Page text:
Day One of our artist retreat began with an early morning walk around Vrboska to orient everyone. I wanted to cover the practicalities of staying here as well as giving the opportunity to take photographs as the sun comes up. It is the absolute best time to be out and about with a camera, everything so calm and fresh, and the warm light gradually filling in the old stone buildings. The week before, my morning walks had been just about perfect, with clear blue skies and lovely yellow-pink hues.
So it was at 6:30am on the Monday morning that everyone showed up for our walk. It has to be said that there was some muttering about the early hour, but it seemed nobody wanted to miss the outing. Of course, having the bells of Sv Lovran pealing 6 am so close to their accommodation may have had something to do with getting them out of bed! Sadly, on this morning the clouds also showed up, and we had no direct sunlight as we made our way across the piaca and I led them by devious means down towards the waterfront. The cloud cover made for a different effect than my previous walks. No warm light and cool shadows on the stone, but a soft pale greyness.
We found fishermen sorting the previous night’s catch on the Bako. The orange overalls and woollen hats made a striking contrast. What a painting that would make!
Registering the position of the cash automat, Post Office and supermarkets in passing, we stopped in at one of the bakeries to buy fresh pastries for breakfast.
Then it was over the bridge and out towards the coastal path, taking plenty of photos and marking out favourite views for later painting.
Our waterfront base in Vrboska for the week was to be Konoba Lem, who kindly allocated a table for our artists right at the front, On this our first morning, we ordered coffee and ate our pastries there.
To complete the morning walk, we returned via the upper harbour and across the pretty arched bridges.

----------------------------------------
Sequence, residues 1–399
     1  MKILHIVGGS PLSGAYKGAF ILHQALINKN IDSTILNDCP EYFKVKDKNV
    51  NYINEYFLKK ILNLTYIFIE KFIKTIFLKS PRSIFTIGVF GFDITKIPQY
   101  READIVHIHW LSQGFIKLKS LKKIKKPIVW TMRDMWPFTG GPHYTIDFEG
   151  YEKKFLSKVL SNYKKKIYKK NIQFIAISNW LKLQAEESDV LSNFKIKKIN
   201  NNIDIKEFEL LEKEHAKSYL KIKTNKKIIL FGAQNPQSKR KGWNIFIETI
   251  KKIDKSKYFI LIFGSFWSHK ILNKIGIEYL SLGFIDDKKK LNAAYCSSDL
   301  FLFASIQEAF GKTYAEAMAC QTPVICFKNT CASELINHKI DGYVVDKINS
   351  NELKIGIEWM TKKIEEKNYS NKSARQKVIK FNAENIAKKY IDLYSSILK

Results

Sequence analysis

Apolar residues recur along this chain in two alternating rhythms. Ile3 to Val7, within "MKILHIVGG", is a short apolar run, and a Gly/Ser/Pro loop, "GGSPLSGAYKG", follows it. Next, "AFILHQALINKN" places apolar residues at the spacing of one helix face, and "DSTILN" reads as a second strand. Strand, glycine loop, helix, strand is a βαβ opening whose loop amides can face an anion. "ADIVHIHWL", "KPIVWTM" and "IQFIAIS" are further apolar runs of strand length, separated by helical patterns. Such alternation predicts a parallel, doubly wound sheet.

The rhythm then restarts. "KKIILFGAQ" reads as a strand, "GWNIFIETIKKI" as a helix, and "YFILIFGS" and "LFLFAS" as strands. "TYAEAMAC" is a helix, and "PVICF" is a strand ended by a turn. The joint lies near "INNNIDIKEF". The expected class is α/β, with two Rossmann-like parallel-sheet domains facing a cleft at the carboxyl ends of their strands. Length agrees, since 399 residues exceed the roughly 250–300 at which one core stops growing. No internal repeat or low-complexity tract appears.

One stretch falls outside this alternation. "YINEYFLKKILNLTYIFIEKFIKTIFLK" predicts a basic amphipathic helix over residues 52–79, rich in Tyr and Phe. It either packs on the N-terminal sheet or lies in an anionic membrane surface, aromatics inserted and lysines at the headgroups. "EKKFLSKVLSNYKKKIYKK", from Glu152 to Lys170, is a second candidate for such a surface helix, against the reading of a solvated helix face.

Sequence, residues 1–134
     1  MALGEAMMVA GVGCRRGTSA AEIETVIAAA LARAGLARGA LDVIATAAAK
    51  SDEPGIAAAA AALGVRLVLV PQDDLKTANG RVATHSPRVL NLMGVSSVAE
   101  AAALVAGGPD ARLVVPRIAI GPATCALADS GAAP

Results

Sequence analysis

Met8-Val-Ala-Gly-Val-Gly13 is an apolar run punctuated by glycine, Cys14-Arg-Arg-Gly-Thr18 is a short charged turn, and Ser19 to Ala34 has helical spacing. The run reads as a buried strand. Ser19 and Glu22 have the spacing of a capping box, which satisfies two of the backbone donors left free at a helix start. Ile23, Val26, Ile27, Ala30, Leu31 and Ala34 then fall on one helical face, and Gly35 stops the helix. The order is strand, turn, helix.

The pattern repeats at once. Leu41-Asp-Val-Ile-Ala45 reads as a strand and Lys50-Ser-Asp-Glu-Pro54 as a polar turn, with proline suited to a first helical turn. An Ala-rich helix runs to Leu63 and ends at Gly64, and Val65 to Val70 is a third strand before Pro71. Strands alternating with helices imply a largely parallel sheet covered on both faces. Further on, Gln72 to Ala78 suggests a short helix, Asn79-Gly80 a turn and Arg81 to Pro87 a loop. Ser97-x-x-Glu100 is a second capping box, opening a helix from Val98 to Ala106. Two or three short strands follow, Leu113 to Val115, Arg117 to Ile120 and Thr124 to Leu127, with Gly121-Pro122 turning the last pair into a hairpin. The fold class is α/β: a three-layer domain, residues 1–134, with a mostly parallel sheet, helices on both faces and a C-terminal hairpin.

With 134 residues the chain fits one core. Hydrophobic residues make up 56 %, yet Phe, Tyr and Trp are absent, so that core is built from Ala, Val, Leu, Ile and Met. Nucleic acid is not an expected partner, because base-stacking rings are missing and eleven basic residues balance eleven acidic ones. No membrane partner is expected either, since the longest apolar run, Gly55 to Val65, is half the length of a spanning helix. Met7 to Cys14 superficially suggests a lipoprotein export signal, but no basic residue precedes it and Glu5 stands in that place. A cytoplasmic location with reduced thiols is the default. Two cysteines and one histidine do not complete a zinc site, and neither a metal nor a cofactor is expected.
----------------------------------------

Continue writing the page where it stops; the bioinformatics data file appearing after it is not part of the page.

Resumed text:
I chose the narrowest alley to take them home as I figured that they ought to get used to the idea of streets having steps, and not necessarily being wide enough to fit two people side by side!
For the rest of the morning, we sketched and painted in various places around Vrboska, then headed up to the fortress church of Sv Marija for a look around. It’s open in the mornings and evenings, and although there’s not so much to see inside, the view from the roof is beautiful.
When Sv Marija closed, we were led across to Sv Lovran for a private viewing. There’s much more to see inside, as the important artworks from both churches are now there for safe-keeping. It’s all much more ornate, with large paintings by Paolo Veronese, and Celestin Medović.
We saw the cross that is carried in the Za Križen procession, part of the traditional Easter festivities on the island. Apparently Pero, our guide, is to be Vrboska’s cross-bearer next year, having put his name down some years ago. It’s a great honour, and must be hard carrying the heavy cross from village to village overnight.
In the vestry, the saint’s reliquaries glitter, and on the wall are paintings donated by grateful fishermen who survived fierce storms to return safely home. The ship as depicted is an interesting hybrid between a steamship and a sailing vessel, which would date it to over 100 years ago.
This is the parish church for the village now, and there’s clearly a thriving congregation with a long tradition here.
Back to painting for the afternoon and an evening get together for review.
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